卓越實證概述 Best Evidence in Brief

Can language minority students benefit from an app-based morphology program?

Recently, Bratlie et al. conducted a study of a second-grade Norwegian morphology program. Even though this digital game-based program was not used specifically with Language Minority (LM) students, the researchers sought to examine the differences between LM students and Language Majority (LMA) students’ performances in the program as well as the initial language literacy and context’s influences on students’ performance. To understand the differences and relationships, researchers studied 717 second-grade students from 12 schools across 3 municipalities in Norway via three data collection points: before the training, within 3 weeks after the training, and approximately 6 months after the training. Among the studied population, 26% of the participants had a LM background, while the majority of students (61%) had both parents as native Scandinavian language speakers.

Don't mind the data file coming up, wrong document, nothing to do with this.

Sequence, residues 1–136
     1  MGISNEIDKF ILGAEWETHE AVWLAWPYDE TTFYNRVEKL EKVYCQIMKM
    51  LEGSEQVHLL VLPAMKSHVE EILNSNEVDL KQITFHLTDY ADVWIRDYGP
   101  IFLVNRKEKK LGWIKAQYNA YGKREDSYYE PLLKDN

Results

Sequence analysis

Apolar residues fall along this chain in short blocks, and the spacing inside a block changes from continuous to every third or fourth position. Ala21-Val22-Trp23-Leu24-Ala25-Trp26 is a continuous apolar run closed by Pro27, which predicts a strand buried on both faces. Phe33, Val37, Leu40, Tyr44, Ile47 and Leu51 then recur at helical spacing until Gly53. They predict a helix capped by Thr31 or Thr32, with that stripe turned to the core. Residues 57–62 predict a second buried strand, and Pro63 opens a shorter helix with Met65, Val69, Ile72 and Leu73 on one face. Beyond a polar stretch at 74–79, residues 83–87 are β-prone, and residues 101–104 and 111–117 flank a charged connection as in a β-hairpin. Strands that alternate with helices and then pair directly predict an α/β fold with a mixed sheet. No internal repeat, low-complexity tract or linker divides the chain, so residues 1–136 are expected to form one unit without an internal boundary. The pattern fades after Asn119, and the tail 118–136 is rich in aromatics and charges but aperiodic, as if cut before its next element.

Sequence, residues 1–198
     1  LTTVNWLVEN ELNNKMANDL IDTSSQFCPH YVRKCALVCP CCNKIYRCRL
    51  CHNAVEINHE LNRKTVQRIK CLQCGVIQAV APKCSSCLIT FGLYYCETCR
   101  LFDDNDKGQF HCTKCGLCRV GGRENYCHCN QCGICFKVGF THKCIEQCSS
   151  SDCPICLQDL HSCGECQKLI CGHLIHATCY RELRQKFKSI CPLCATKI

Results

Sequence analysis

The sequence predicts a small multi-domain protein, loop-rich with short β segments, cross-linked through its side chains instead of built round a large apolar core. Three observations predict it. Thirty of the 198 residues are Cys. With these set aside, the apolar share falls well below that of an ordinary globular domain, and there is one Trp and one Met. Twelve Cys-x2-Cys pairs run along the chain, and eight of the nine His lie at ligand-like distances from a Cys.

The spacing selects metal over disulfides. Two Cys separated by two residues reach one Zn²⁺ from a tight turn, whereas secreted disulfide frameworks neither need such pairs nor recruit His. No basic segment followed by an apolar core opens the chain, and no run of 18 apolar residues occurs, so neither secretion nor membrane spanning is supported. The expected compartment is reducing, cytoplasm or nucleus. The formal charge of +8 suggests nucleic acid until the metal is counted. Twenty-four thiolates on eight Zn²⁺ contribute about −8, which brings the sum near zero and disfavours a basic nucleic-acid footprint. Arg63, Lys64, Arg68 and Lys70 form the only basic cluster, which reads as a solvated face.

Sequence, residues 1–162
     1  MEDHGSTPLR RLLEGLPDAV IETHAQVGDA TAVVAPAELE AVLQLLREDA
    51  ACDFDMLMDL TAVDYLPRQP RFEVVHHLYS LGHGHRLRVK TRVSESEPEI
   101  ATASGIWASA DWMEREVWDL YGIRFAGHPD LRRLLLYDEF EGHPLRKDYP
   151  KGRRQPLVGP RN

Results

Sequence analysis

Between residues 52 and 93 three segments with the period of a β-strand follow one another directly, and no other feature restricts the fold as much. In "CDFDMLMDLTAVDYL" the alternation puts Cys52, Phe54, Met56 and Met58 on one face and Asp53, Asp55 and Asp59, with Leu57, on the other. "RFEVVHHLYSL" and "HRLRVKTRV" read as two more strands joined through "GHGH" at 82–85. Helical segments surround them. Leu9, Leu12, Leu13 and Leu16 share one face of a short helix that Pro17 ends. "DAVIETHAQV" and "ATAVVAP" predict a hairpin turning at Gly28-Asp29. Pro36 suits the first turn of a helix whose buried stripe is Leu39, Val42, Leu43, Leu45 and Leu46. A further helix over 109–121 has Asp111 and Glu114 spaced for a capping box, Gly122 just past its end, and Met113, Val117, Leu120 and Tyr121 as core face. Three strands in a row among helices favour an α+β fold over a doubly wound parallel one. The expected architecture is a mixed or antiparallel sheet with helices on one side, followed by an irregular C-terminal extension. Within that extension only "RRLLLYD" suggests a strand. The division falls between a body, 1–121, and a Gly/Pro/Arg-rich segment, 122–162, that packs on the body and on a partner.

In general, the 8-week long morphology program significantly influenced students’ morphological word learning no matter their language background. In addition, the influence of the program still existed months after the training was complete. According to the Latent Profile, LM students tended to perform poorly in spelling of multi morphemic words. However, there were no significant differences between reading ability among LM and LMA students. The results also showed a significant relationship between parents’ education and morphological word knowledge (d=0.42, p=.005) but no significant differences in the follow-up test (d=0.02, p=.246).

This study provides evidence that morphology interventions can be effectively implemented for all students within a whole class setting, and such an approach may be especially important for LM students.
 
Source:
Bartlie, S. S., Gustafsson, J.-E., & von Koss Torkildsen, J. (2021). Effectiveness of a classroom-implemented, app-based morphology program for language-minority students: examining latent language-literacy profiles and contextual factors as moderators. Reading Research Quarterly, Early View. https://doi.org/10.1002/rrq.447

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